Saturday Post Part 1

So as planned, Emmylou came around last night and helped me with the hem on the top I began making last weekend. She encouraged me to finish off the tweed with a bias-binding edging and to leave the inner lining floating free, rather than in any way attaching it to the outer layer of tweed and endangering the lovely fullsomeness of the top. For fullsomeness was always my aim with this garment. Before I made it, I thought about the things I would like to do whilst wearing it, such as walking in the countryside, (big pockets for camera, I SPY book and Edirol) harvesting berries and seeds for future planting projects and doing light work around Mark’s garden of a Sunday afternoon. These are all tasks I enjoy immensely, and I wanted something to wear that would reflect my pleasure in these activities. Also, I was interested in making something sturdy and warm, yet breatheable too, as I often get very hot while walking or gardening. Finally, I always feel in Winter as if I would like to hide a little in my clothes and dig my hands down deep into some nice pockets. This top, I am happy to say, fulfils all the requisite requirements and I spent a happy half an hour with Mark this afternoon testing its efficacy in the considerably colder climate, and harvesting the sloes we planted a couple of years ago.

All that is left to do on this top is the handstitching of the lining hem around the bottom. I do not mind this task at all since I have a nice spool of vintage thread for the task and I love sewing with this. It’s slightly thicker than the thread you buy nowadays from your bog-standard haberdashery, and the wooden spool is a continual source of delight with its lovely little sticker and warm, wooden feeling. Incidentally, I prefer the sound of wooden spools. I find the plastic spools have a tinny, unsatisfying sound when they fall on the floor, or when the thread snags in them. The wooden ones, on the other hand, have a lovely, arboreal ring to them and never feel sharp or unsatisfyingly light in your hand.

I love that in slowing down to make this top, I was able to put a little bit of attention into each stage. I am pleased with how my hand-stitching looks inside where the top part of the garment is attached to the main body. They are not the neatest stitches in the world but they represent a significant improvement on my efforts last year and I like that they are done by my own hands to keep me warm in Winter.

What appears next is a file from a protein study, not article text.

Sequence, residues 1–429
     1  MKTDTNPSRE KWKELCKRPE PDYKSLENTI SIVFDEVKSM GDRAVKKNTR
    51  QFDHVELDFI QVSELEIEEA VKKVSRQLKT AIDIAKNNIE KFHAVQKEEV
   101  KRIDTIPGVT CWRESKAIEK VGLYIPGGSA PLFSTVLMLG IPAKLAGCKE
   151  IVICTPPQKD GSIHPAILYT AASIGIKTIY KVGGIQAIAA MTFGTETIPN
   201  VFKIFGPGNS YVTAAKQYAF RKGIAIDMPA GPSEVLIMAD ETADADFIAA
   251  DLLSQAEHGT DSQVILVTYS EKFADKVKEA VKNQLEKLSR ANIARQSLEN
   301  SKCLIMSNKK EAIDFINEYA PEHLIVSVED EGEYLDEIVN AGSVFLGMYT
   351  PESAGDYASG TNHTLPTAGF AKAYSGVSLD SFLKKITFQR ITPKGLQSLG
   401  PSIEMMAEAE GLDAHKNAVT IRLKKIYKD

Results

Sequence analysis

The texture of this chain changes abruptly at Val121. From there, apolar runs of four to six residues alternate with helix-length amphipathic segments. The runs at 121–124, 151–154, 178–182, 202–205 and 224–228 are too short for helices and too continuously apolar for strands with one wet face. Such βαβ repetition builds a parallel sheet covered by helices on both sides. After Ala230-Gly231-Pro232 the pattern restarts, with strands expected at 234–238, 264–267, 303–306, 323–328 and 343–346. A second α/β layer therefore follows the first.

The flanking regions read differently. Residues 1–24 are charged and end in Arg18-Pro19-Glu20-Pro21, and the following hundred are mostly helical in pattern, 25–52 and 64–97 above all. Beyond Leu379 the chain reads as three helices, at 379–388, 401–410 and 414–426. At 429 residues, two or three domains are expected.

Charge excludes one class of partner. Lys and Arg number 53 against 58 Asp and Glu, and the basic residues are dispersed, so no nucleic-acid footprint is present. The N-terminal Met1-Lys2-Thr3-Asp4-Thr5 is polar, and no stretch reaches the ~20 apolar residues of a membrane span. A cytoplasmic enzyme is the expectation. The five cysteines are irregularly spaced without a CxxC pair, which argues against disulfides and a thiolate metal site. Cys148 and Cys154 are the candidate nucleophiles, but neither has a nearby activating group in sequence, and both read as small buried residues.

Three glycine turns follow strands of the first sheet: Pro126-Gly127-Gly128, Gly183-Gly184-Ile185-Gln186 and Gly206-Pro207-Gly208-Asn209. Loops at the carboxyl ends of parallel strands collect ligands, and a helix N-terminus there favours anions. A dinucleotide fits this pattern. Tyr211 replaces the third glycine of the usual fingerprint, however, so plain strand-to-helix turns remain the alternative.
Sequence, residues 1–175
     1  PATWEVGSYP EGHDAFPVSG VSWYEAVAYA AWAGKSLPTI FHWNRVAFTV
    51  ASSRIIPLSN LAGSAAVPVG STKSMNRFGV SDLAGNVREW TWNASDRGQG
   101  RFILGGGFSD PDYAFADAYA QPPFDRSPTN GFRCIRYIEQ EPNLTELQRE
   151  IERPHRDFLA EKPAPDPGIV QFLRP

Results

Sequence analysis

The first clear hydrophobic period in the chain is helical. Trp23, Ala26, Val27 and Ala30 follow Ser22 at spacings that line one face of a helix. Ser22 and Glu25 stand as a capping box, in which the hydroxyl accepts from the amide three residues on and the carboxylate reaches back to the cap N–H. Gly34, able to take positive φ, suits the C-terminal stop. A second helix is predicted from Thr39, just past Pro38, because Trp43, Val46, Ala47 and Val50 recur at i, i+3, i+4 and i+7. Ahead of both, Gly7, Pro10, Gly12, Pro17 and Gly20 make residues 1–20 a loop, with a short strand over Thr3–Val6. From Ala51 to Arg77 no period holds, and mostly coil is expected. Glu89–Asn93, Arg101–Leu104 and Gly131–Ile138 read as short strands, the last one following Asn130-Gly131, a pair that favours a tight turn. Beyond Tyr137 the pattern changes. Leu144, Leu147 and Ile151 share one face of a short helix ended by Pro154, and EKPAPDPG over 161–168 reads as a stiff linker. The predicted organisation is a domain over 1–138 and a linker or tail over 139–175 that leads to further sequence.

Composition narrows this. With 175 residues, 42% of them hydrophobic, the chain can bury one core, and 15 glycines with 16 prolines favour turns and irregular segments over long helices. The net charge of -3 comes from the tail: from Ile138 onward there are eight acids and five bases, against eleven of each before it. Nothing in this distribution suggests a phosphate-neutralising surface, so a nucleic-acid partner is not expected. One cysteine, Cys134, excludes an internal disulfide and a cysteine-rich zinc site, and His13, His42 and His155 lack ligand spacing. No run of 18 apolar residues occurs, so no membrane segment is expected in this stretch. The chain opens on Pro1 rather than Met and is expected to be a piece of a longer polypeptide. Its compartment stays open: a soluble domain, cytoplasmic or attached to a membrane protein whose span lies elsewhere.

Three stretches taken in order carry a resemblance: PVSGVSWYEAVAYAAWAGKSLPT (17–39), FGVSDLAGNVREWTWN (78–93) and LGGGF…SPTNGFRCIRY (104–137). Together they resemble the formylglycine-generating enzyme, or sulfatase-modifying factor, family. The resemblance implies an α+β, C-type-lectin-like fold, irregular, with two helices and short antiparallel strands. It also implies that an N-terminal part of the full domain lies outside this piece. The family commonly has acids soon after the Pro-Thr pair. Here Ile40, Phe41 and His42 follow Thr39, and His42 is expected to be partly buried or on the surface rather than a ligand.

I also like the hallucinogenic shade of yellow that I used in the pillowcase lining. I love this insane, luminous thread. Since it is on the inside, nobody else will see it. But like the whimsical cabbage print fabric (which even I wouldn’t wear in large swathes on the outside of a garment) it is a secret little stage in the garment’s construction that imbues it with mischief and personality.

The found pillowcases at my bedsit were unusable in their original state as they came in customised and very particular sizes. Somebody clearly made them themselves, and though it pained me slightly to undo someone else’s sewing, it pleased me to find a use for this otherwise redundant fabric. I like how, due to the size of the piece, I had to undo and keep a hem. The holes from the original hem are still there.

Also, one of the pillows clearly got more light than the other, since it is faded to a much paler shade.

I have enjoyed this process immensely. I haven’t destroyed or ruined the vintage tweed and I have learnt more about how to make my own clothes and follow patterns, and I finally have something to wear with appropriately strong and large pockets! Luckily I have the perfect button badge with which to accessorise this joyous top.

Incidentally, I had to buy a second copy of this pattern since I had lost the instruction sheet in the original pattern! This means I have a pristine, uncut edition of Butterick B5217 which I am willing to sell to anyone who wants it, at the cost price of £6.50. I shall cover the cost of postage myself. I have it in sizes 8 – 14, which are different from ready-to-wear sizes, and usually a lot smaller. However I usually take a 14-16 in ready-to-wear clothes and the largest size of this pattern is, as you can see, quite large enough for me. I like this pattern, since it is easy enough for me to follow and doesn’t involve too many complicated techniques!

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